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Old 02-02-2014, 11:55 AM   #41
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Quote:
Originally Posted by Brian B-P View Post
I just checked another Blue Rhino FAQ, and they still report a completely false and fraudulent statement in their section regarding the effect of temperature on pressure.
Quote:
Originally Posted by KarenH View Post
Which part of that section is false? The sentence "It is worth noting..."?
They quote some numbers from NFPA, which are correct and lend credibility to the rest of the message, just like spam claiming to be from someone authoritative.
The statement that the pressures quoted are for 20 pounds of propane are misleading -although not actually false - because those pressures are in fact entirely dependent on pressure and have nothing to do with the amount of propane.

Immediately after "It is worth noting...", this statement
Quote:
... tanks equipped with OPDs hold only about 17 pounds of fuel
is false and part of their underfilling fraud; they claim (using this false statement) that their previous 17-pound fill was all that would fit in a 20-pound tank, because of the OPD. Even members of forums like this readily learn that this is not true, so this cannot be a genuine mistake on Blue Rhino's part.

The following statement
Quote:
... hold only about 17 pounds of fuel, which results in lower pressures at the above temperatures.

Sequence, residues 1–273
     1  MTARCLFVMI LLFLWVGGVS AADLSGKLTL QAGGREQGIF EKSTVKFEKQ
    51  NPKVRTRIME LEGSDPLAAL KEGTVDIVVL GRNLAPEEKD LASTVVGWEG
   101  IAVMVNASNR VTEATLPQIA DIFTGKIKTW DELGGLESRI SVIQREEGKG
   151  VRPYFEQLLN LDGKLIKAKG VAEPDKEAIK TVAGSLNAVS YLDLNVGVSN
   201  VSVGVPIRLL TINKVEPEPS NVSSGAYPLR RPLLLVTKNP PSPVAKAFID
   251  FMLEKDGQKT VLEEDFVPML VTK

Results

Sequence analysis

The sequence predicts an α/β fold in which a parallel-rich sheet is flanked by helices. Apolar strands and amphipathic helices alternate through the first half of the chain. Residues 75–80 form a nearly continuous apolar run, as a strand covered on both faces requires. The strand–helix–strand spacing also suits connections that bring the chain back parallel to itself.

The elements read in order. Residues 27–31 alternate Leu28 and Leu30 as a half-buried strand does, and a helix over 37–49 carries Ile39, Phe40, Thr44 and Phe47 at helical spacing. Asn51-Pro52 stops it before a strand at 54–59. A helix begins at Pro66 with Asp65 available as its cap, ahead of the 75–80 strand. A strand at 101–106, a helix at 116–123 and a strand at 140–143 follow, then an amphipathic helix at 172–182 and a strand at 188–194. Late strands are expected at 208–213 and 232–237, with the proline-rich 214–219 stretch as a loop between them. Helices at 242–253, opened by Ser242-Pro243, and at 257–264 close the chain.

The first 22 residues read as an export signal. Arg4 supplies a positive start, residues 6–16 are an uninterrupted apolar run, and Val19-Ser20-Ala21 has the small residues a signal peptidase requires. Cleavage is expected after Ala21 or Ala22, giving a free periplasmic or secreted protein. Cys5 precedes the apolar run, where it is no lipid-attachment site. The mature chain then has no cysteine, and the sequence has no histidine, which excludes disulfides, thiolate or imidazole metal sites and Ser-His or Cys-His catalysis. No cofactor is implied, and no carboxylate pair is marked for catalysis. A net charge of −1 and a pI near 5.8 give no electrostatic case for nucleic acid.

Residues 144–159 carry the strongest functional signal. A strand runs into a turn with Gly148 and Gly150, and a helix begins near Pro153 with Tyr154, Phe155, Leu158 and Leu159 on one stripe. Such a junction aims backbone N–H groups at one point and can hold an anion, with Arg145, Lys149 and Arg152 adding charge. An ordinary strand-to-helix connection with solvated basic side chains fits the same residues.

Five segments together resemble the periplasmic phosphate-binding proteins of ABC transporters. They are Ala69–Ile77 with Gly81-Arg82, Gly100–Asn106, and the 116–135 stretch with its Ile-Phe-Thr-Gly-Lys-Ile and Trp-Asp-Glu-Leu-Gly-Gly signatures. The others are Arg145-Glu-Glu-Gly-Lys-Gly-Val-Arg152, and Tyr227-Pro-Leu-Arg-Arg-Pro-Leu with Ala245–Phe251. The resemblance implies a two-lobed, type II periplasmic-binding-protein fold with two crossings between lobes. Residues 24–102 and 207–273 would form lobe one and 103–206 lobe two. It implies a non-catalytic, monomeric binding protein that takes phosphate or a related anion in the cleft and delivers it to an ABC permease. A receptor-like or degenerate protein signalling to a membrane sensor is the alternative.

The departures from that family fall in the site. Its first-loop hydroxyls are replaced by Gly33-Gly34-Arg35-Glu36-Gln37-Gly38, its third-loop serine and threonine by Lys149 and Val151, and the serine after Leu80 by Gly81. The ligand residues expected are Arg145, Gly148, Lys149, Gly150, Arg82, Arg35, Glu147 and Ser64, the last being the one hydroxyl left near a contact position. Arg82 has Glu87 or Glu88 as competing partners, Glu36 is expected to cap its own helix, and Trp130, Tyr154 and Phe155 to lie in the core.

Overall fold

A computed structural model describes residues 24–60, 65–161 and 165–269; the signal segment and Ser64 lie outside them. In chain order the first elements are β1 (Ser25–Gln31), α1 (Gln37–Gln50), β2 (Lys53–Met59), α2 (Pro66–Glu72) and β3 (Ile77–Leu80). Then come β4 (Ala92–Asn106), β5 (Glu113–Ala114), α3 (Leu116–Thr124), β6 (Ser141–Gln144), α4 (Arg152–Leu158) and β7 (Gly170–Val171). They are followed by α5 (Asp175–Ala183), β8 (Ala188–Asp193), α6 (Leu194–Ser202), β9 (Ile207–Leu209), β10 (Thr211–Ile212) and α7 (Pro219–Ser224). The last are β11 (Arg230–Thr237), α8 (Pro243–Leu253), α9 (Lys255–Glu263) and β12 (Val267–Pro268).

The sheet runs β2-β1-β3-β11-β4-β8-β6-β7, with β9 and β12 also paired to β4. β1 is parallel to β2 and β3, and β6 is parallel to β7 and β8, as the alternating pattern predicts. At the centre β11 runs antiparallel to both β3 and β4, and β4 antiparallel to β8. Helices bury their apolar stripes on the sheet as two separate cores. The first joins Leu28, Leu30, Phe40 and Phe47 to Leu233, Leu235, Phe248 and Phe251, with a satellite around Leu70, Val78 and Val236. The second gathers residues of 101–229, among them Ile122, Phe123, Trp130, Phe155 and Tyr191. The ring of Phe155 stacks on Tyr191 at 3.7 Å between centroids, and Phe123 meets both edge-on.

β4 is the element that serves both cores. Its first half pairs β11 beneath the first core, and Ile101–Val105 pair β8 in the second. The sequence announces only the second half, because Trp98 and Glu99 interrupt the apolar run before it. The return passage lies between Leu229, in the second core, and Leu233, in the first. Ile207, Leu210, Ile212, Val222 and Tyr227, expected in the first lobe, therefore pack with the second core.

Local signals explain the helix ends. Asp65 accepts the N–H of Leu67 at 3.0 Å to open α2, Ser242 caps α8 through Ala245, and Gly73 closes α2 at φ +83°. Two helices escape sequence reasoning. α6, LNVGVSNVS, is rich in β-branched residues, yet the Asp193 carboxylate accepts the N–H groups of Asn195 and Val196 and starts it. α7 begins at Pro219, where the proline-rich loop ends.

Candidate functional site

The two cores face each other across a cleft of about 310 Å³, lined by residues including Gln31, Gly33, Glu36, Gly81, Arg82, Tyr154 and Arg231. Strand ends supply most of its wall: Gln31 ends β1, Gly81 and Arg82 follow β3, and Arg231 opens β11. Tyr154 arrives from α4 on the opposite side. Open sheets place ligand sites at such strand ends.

is explicitly false, completing the false implication of the opening part. Again, the pressure of propane liquid and vapour in equilibrium is dependent only on temperature, not on the mass of propane or the volume of the containing space.

Of course "It is worth noting..." is also false, because everything they are noting is false and thus worthless.
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Old 02-02-2014, 11:59 AM   #42
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At the U-Haul where I get mine refilled - they used to do it by weight, but now charge by the gallon, with on inline meter - (the same method the LP truck that delivers to our 500 gallon tank uses.) .
Excellent! That's the ideal situation; unfortunately I've never found anyone who does this.

The trucks I've seen which deliver to customers do meter the product, but here they do not carry scales and thus will not fill small cylinders... and of course they won't come to your house to fill a couple of 20-pounders!
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Old 02-02-2014, 12:01 PM   #43
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As in all things, the price is the price. If you need the gas you pay the price.
The price is probably quite a bit lower at a bulk fill station than by tank exchange. That's not always readily available.

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Originally Posted by MyronL View Post
The galling thing is this: would anybody start out on a big trip with a gasoline tank that's not topped off?
I agree. Just one reason that I would not use a tank exchange, given a choice.
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Old 02-02-2014, 12:07 PM   #44
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Originally Posted by Brian B-P View Post
Excellent! That's the ideal situation; unfortunately I've never found anyone who does this.